US threatens nations over world breastfeeding resolution, shocking health officials

Bloomberg via Getty Images

Bloomberg via Getty Images

Just one portion, calling on the World Health Organization to provide support to member states seeking to halt "inappropriate promotion of foods for infants and young children", was removed.

Health and Human Services spokeswoman Caitlin Oakley also described as "patently false" attempts to portray the US position as anti-breastfeeding. "Many women need this option because of malnutrition and poverty", Trump tweeted Monday.

Many American women agree, saying the cultural mandate to breastfeed no matter their personal circumstances and zealous hospital lactation programs is another example of how women's bodies are not their own to manage.

"A breastfeeding mother must pump her milk as often as the baby usually eats", writes the United States Breastfeeding Committee, a nonprofit based in Chicago.

Why it matters: "Breastfeeding is one of the most cost-effective interventions for improving maternal and child health", said Georges Benjamin, executive director for the American Public Health Association, in a released statement.

The Times said Ecuador was slated to introduce the World Health Assembly breastfeeding resolution, but after the US threatened to "unleash punishing trade measures and withdraw crucial military aid", it "quickly acquiesced". But Russia rescued the resolution by stepping in and introducing it.

In the US, 83% of babies start out being breastfed, but only 25% are exclusively breastfed six months later, according to the US Centers for Disease Control and Prevention. Anderson is not alone in her sentiment that the U.S. government opposed the resolution to bolster the dairy-based infant formula industry. Dr. Colleen A. Kraft, president of the American Academy of Pediatrics, has said that "the decision to breastfeed is not a lifestyle choice, it's a critical decision for infant welfare".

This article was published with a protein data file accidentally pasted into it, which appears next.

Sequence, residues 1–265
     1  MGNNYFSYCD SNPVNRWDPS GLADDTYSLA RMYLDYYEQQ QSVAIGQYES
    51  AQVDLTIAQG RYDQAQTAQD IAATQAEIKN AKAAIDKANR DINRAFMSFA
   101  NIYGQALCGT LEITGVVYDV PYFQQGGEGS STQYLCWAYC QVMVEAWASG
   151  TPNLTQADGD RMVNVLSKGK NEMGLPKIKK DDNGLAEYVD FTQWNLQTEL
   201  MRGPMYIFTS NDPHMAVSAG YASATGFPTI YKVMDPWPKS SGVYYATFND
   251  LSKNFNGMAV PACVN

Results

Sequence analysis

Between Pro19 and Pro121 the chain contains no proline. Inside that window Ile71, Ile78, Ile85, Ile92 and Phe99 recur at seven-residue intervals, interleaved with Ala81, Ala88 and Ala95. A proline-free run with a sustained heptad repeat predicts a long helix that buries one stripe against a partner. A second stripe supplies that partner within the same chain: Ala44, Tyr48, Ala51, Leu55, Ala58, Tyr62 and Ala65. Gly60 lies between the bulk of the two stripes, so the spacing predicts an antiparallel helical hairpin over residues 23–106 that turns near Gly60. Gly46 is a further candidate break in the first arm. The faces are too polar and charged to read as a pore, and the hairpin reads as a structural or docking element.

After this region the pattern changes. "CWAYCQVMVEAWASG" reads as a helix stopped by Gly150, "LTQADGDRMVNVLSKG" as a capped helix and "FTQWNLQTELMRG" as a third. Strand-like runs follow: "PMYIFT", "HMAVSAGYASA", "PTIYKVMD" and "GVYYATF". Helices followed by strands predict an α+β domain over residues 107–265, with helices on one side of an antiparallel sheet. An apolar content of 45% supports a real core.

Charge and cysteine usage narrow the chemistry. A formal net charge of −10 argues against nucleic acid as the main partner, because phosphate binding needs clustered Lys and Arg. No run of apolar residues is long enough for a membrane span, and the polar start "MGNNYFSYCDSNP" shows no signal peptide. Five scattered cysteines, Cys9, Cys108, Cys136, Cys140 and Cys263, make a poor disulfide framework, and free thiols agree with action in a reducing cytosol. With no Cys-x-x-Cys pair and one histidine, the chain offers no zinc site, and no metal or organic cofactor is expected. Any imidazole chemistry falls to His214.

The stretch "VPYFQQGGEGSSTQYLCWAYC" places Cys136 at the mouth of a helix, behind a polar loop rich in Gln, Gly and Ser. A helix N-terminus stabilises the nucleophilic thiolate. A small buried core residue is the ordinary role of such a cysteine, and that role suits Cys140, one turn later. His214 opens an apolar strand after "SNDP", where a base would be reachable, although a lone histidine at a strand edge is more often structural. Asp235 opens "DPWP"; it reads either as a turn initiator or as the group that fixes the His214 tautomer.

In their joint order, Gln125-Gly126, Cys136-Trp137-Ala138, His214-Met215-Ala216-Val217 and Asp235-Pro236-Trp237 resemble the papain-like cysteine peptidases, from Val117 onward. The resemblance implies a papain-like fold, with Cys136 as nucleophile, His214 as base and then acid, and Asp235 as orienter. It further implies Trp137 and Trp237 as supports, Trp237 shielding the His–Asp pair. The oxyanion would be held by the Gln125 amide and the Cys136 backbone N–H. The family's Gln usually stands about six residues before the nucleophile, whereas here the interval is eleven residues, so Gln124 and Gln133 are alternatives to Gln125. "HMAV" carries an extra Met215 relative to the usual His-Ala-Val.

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The Trump administration also denied that US officials had threatened trade sanctions in the debate over the resolution, AP reported. In war zones and during humanitarian crises, infant formula makes sense, said Gayle Tzemach Lemmon, an author and senior fellow at the Council on Foreign Relations, in this piece.

"A major risk of formula feeding in low-income settings is that the formula is available without the other safety precautions", Palmquist said.

The booklet states that companies that have policies that support nursing mothers also gain from lower turnover rates and higher productivity.

There were some signs even before the meeting in Geneva that there might be some pushback against the original resolution. Trade threats were not made by the Department of Health and Human Services, according to a spokesman. "The Trump administration takes a bold stance against mother's milk", a New Republic headline read. And that is especially true when there's a $45 billion global business like infant formula at stake.

Surprise and disappointment continued to register this week over reported US opposition to an worldwide resolution to encourage breastfeeding. The Infant Nutrition Council of America has supported this non-partisan position since 2016, working with both the Obama and Trump administrations. Perez-Escamilla is also a scientific adviser to World Health Organization on the topic of breastfeeding.

But in the US, at least, protections for nursing women are codified in state and federal laws.

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